Funny and true

     There is an abundance of empirical evidence available that points us towards a simple but startling conclusion: How we look at things changes how things look.    

This conclusion startles me because, quite honestly, if I’m looking at something as a problem, I am already convinced that it IS a problem and not just how I’m LOOKING at it. Now, with the conclusion in the first paragraph staring at me, I can no longer be so sure. Now I have to consider that my perspective might just be all of or, at least, a contributing part of the problem itself. Frankly, that sucks. By myself, I only have my perspective. And that perspective only sees a problem.

Even Albert Einstein was reported to have observed (and I do not quote here because I’ve found several versions of the idea): We can’t solve problems by using the same kind of thinking we used when we created them.

Something has to give. Something different, something new, something unexpected has to be introduced before a solution has reveal itself. It’s rarely a matter of IQ power or brute determination. It’s frequently the opposite…a question reframed or a sequence shifted…a pause, a step back, a waiting patiently for an intuition…an asking another person for their perspective. And the transition from seeing only the problem to opening up to a solution is made possible.

A well known politician was once asked if he was a ‘glass half-full or a glass half-empty’ kind of person, to which he replied, “Depends on how thirsty I am, I suppose.”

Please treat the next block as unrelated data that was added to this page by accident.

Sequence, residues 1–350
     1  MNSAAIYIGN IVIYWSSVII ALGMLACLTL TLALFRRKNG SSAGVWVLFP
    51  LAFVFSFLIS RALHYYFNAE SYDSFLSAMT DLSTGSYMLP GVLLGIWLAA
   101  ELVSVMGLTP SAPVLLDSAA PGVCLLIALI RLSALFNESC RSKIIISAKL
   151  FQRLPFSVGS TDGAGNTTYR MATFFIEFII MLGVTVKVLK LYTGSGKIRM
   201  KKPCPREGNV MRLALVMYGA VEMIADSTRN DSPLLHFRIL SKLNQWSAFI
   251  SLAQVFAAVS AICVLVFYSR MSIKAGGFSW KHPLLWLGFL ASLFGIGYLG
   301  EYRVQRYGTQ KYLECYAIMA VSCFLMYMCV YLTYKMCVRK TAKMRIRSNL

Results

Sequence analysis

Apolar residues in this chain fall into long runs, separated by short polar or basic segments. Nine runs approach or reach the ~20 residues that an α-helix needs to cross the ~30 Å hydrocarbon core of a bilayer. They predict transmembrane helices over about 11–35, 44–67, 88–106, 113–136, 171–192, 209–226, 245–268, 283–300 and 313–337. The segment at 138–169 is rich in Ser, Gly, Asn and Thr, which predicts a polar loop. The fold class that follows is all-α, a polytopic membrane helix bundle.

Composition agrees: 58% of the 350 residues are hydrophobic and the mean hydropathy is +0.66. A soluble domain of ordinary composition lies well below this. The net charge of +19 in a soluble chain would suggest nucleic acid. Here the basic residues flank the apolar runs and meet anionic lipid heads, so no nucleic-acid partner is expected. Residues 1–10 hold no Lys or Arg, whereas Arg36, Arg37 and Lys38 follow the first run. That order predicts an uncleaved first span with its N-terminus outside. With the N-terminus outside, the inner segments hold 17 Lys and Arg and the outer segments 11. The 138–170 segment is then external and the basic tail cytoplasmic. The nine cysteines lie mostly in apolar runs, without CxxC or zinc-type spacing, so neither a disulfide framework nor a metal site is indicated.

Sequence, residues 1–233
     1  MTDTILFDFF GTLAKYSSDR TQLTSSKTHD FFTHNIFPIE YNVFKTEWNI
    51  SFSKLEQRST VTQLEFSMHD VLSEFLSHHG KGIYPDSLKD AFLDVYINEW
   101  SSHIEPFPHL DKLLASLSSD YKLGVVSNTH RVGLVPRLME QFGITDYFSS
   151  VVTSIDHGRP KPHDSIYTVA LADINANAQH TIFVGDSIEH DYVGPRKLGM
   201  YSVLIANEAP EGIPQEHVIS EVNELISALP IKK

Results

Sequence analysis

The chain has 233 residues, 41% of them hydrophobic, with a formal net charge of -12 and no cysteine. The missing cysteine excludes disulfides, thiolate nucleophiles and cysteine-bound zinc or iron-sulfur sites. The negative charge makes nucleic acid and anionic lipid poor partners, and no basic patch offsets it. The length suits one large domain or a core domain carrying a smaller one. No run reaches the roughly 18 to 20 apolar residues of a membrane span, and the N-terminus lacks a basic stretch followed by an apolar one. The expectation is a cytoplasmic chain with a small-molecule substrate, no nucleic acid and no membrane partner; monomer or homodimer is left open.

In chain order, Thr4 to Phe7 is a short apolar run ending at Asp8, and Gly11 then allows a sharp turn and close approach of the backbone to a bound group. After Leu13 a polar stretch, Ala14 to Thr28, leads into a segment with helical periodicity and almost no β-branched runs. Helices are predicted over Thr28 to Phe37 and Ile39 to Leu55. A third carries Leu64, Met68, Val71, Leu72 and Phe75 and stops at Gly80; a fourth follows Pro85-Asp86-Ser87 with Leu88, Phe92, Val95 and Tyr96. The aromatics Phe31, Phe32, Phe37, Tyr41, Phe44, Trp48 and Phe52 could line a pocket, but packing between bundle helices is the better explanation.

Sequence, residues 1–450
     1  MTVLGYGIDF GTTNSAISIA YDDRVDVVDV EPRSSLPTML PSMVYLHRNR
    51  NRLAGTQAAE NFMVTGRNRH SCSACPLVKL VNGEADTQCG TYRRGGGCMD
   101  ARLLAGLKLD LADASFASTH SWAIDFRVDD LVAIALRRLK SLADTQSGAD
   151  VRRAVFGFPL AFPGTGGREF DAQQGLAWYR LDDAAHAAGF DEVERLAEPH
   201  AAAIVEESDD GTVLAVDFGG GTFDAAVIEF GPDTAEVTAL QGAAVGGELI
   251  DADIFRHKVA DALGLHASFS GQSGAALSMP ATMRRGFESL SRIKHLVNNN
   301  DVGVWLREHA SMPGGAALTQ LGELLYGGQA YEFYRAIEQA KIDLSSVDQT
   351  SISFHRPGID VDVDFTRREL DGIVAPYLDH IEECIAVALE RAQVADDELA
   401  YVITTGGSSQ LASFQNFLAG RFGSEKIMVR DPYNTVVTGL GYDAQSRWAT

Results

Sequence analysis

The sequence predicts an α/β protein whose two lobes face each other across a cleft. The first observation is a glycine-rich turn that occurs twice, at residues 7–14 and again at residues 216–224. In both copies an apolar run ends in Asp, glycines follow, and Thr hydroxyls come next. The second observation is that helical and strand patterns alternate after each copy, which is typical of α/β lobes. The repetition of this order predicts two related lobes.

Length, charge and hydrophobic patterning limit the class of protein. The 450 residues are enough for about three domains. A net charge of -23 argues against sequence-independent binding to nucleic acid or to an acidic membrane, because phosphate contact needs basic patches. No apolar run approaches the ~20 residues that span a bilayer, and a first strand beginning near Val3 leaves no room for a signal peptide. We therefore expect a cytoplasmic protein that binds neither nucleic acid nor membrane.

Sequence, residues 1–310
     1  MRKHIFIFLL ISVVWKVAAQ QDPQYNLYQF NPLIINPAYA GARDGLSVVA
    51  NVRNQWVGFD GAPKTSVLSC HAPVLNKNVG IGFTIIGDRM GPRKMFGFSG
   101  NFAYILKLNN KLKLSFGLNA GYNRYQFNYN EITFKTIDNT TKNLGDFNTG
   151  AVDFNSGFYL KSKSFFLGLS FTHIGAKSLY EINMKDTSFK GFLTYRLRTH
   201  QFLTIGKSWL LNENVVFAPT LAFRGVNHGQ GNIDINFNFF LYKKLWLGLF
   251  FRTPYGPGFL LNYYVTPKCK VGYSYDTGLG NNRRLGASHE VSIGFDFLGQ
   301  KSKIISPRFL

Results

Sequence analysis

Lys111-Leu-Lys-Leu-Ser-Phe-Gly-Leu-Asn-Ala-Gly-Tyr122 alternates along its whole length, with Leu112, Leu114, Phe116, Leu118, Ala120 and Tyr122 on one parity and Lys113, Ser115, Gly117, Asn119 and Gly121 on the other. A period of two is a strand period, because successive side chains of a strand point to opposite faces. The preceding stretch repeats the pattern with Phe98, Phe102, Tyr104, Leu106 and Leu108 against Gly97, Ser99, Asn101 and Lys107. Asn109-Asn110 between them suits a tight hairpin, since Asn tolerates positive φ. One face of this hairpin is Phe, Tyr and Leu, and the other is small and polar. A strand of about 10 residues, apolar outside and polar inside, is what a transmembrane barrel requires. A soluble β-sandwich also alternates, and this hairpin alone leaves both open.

Funny and true.

Staring at it won’t change it

At an earlier stage in my life it was pointed out to me that I was fixated on everything that was wrong in the world. The observation was made at a dinner party with friends and wasn’t mean spirited. Since I had never noticed that pattern in myself for myself, I reacted predictably. I denied it.

The comment had struck something inside me though, created a disturbance of sorts, generated a peculiar type of mental nagging that demanded me to do something about it. The truth often works on us like this. The truth doesn’t so much clamor for our attention as much as, once it is pointed out, it just won’t go away.

So I conducted a little experiment on myself. Using lines and slashed to tally just the frequency of my wrong finding thoughts or statements, I kept a count on myself for a whole day. (yeah, I know) I gathered the raw data without censorship, editing or fudging and, when finished, conceded the point. There were 177 instances of me remarking or thinking about something that was wrong….with this or with that or with them….specifically and generally. Wrong, wrong, wrong. It was amazing how adept and dedicated I was to finding faults. Even the positives I saw were quickly qualified by the negative I was sure was coming next.

This realization was an “Aha!” moment of the unpleasant variety. Very unsettling.

You see, I had always considered myself to be a very constructive and positive person. Not that I was particularly happy. (In truth, I couldn’t understand why I was always so agitated) Nevertheless, my whole purpose behind finding the faults, the underlying reason that I gave myself for pointing all this stuff out, was so that the problems could be fixed. Even in myself. Then, perhaps, I would feel better…be happier.

Somehow in my thought processes back then I had confused and convinced myself that ‘seeing’ a problem clearly was the same thing as ‘doing’ something about it.

I stared at the problem(s) and couldn’t understand how they remained unaltered by my intense scrutiny. I was a pain in the ass to many who knew me. I was frustrated and depressed with myself. I hadn’t yet learned that, in life, what you focus your energy on grows.

For sure, recognizing a problem is both initial and necessary.

However, being willing to step into the possible solutions is the only path to relief and joy.